social marketing

Social Media: Understand Why Before Hiring an Internal or External Resource (1 of 2)

As the owner of a marketing agency, I am often asked whether a company should take on social media themselves, or hire an outside agency to do it for them. It’s a good question. In fact, it’s one of the most important and frequently asked questions of our digital business age.  However, before I answer who should implement your social media, I want to address why you should make social media an integral part of your marketing strategy.


Small and medium business (SMB) owners, particularly those of B2B businesses, struggle with finding the value of social media. They often think of it as nothing more than people talking about what they had for dinner last night, or the music they are listening to (which, depending on your company’s field of expertise, may be rather useful information!). To be sure, there are many conversations occurring, covering a wide array of topics. Regardless, if you have a brand and want to further it,I advise you not toignore social media.


If we think back to about 14 years ago, in 1998, when the internet was at its infancy, many SMB’s were questioning whether or not they should have a website.  Although it is hard for us to imagine this debate happening today, business owners were questioning the validity of websites, and wanted to see hard evidence to substantiate their investment.


Their questions made perfect sense then, as they do today regarding social media – they want to see real proof to justify an investment in social media, either with internal staff or an external agency.



There are various statistics bandied about the industry when looking for this “hard evidence” or value in social media, but the top four stats that stand out for me are:


  • 62% of the world’s population uses social networking, making it the most popular online activity.
  • Over half of social networkers follow a brand online.
  • Over half of consumers say they are more likely to recommend a brand if they are fans of the company online.
  • Online ad spending increased to just over $30 billion in the U.S. last year, over 20% increase (Source: ComScore).


I share these four stats as I feel that they best provide the “hard evidence” a SMB needs to understand why they should integrate social media into their marketing strategy: the audience is there, your competitors are there, the audience wants to engage with brands there, and you can target your advertising there.


Simply put, social media is not going away anytime soon. As such, if you are not using social media in your marketing strategy, you run the risk of losing business to other companies that are.


In next week’s blog, I’ll outline some points to consider when making a decision to use internal or external resources to execute your social media strategy.

Have you integrated social media into your marketing strategy?  If not, why not? If so, do you have any success stories you’d like to share? Please let me know in the comments below.


Look Who’s Using Twitter!

They said it would never happen.  They said it just wasn’t relevant. Well, the tables have turned, and lawyers are now starting to use Twitter to engage and attract clients.

Although many firms do have blogs and Twitter accounts, they often link back to e-newsletters or company bulletins – meaning, lawyers actually do not have much of a presence online beyond what the firm website has to offer.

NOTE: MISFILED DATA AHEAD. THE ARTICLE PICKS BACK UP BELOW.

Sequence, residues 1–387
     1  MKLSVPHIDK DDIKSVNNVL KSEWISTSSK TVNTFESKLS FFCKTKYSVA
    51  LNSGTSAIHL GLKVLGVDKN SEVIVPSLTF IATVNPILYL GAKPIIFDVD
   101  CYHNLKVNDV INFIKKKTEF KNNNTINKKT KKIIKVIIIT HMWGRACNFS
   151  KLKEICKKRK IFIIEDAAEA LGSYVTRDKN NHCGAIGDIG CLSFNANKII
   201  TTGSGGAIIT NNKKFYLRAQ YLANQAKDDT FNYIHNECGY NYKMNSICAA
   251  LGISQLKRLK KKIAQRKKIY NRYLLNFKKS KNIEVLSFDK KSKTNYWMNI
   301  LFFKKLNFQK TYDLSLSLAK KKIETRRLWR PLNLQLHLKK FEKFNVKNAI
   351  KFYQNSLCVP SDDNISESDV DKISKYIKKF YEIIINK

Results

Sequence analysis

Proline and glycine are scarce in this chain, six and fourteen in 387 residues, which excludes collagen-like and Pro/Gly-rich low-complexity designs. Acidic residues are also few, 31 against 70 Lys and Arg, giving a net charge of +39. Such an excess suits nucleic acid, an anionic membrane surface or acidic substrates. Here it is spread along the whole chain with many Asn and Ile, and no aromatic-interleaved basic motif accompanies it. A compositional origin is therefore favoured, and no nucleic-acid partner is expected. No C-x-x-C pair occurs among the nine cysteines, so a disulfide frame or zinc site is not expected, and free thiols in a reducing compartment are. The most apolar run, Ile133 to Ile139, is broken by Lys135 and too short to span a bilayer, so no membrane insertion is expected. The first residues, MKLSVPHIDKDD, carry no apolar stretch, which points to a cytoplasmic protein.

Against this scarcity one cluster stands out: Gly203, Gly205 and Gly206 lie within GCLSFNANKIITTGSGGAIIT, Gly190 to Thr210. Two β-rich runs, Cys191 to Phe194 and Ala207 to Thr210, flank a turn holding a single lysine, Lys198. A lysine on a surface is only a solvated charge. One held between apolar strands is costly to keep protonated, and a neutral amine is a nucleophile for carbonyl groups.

If lawyers, renowned for their time-tracking activities, are now taking the time to tweet and blog, then it means it’s time for other professionals to get on the bandwagon, too!

Here are a few tips to get you started:

  1. Tweeting doesn’t take as much time as you think. Do a simple test; assess the amount of time you take to write your article in the company e-newsletter or other marketing pieces and compare it to writing a test tweet of 140 characters. It’s 140 characters, not words. This test can be repeated for the blog, too. A blog will take you more time as it should be at least 250 words long.
  2. Create a Twitter account name that makes sense for your business. Cute names or long names are not appropriate for a professional Twitter account.
  3. If you have nothing to tweet about today, then simply let Twitter help you by reviewing the top tweets or news and developments in the business world.  If you see something of interest, then re-tweet it.
  4. If you do find you have the time to write an article, then start a blog. A blog is a document longer than a tweet (250 + words) and it is an opportunity to impart your knowledge and information with your stakeholders.
  5. Create a blog name that is relevant and targeted to what you want to be the “expert” in.
  6. Blogging and Twitter require a commitment from you. Either commit or don’t even start (see #1).

As I have said in many of my previous blogs, don’t start something if you can’t commit to it, otherwise what started out as a great way to increase your exposure and build integrity will do the opposite and make you look worse for having tried.  Consider asking a marketing consultant to help keep you on task with a social media plan. At Creativeworks we not only develop social media plans, we are happy to take the lead in writing and posting your tweets, updates and blogs.

Was this blog helpful?  Do you have any questions I can help you with?  Please share your questions or stories of how you are using Twitter or blogging in your professional career.

The big question – is social media right for us?

There is a growing number of social media networks out there and although they are all good, depending on your business focus and most importantly your time, you are better off to concentrate your efforts on one or two, and for the very keen, all three of the key players and then expand when or if time and/ or budget allows.

Where should we get started?

For small B2B businesses that do not have a dedicated social media person or consultant, I have decided to focus on the three major networking sites that have the greatest voices: Twitter, Facebook, and LinkedIn and I will also touch on Google+ and Pinterest – two other prominent names you may have heard about in social networking.

What is the difference and which one should I explore first?